From Bulbapedia, the community-driven Pokémon encyclopedia.
Mother Flygon was a popular deck archetype in the Pokémon TCG through the second half of the '08-'09 and into the '09-'10 Organized Play seasons. Mother Flygon placed highly in many tournaments, including the 2009 Pokémon TCG World Championships. The deck's strategy centers around getting an active Flygon out with three Energy attached, along with at least one Claydol and one Nidoqueen on the bench. The other bench spaces should be filled with as many evolved Pokémon as possible, so Flygon is able to do heavy damage with its Power Swing attack.
As is the case with most deck archetypes, the exact origin of the deck is unknown. Soon after the Rising Rivals expansion was released, many players immediately recognized Flygon's potential as an attacker and began attempting to combine it with a variety of supporting Pokémon, including Hippowdon LV.X and Secret Wonders Weavile. However, the combination most often successful was with Nidoqueen. Nidoqueen's Poké-Body, Maternal Comfort, was extremely useful for a Pokémon as bulky as Flygon, and Nidoqueen could also be a strong attacker in a pinch.
The deck placed highly in a number of tournaments, including the 2009 United States National Championships, the 2009 Last Chance Qualifier, and the subsequent 2009 World Championships. It continued to be a prominent deck through the 2009-2008 TCG season, although it was overshadowed by the dominance of SP decks such as LuxChomp.
Mother Flygon was widely regarded as the best set up deck of the archetypes seeing prominence during the seasons which it was played. Because of its abnormally large support engine in the form of a 3-3 Claydol line, as opposed to the typical 2-2, and its ability to utilize four Call Energy, Mother Flygon can set up considerably faster than most Stage-2-reliant decks in the format. Speed is necessary to compete with fast decks such as SP variants.
The ideal start in Mother Flygon is a Trapinch with a Call Energy, and some form of getting a Claydol out of the deck, such as a Bebe's Search. In reality, although Trapinch is ideal so as not to waste an Energy attachment, any Pokémon in combination with a Call Energy is a good start. This way, Trapinch (or whatever Pokémon the player starts with) can use Call Energy to get a Baltoy and a Nidoran♀ out of the deck, which he or she can then evolve the next turn. Another option is to get two Baltoy out of the deck with Call Energy, to open up the possibility for two Claydol turn two.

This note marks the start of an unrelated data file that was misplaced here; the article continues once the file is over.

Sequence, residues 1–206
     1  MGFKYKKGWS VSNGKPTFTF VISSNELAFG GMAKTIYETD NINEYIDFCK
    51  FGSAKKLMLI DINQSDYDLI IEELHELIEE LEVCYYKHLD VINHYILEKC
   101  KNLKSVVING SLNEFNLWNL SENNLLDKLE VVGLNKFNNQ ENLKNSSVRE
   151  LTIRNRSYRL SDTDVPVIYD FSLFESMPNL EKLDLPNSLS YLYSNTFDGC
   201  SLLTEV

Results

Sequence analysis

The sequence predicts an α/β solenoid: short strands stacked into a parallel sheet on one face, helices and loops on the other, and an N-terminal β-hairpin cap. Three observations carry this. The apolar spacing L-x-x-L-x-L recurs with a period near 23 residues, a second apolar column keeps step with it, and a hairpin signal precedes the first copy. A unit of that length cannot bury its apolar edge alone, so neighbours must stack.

Once the player has at least one Claydol out, he or she should focus on getting a Flygon active and charged as soon as possible, with a bench full of evolved Pokémon. This way, Flygon can attack for maximum damage with its Power Swing attack.
- Flygon - The decks' main attacker and, as such, arguably its most critical component. Flygon's main attack, Power Swing does 60 damage to the Defending Pokémon, plus an additional 10 damage for each evolved Pokémon on the Mother Flygon player's bench. With an Expert Belt attached, Power Swing can hit for a massive 130 damage for only , enough to Knock Out most Pokémon in the metagame in one shot. While Power Swing is a great brute force attack, Flygon's second attack, Sand Wall, can be very effective in certain situations. Sand Wall does 40 damage for , which would be unremarkable if not for its effect. If the opponent has a Stadium card in play, Sand Wall prevents all effects of attacks done to Flygon during the opponent's next turn and discards that Stadium. This is a great stall tactic, and can also provide decent power with Expert Belt attached. It also takes only one Double Colorless Energy to use, which means it can often be used immediately. Flygon's last important feature is its Rainbow Float Poké-Body, which gives every Pokémon the Mother Flygon player controls free retreat, as long as Flygon has an Energy attached to it of the same type as that Pokémon. Nidoqueen has a massive retreat of , and Claydol has a retreat cost of , so in the event that either of those are Active Pokémon, either to stall or attack, Rainbow Float ensures that they can get out of the Active spot easily with no wasted Energy attachment. Power Swing, Sand Wall, and Rainbow Float combine to make Flygon a well-rounded attacker.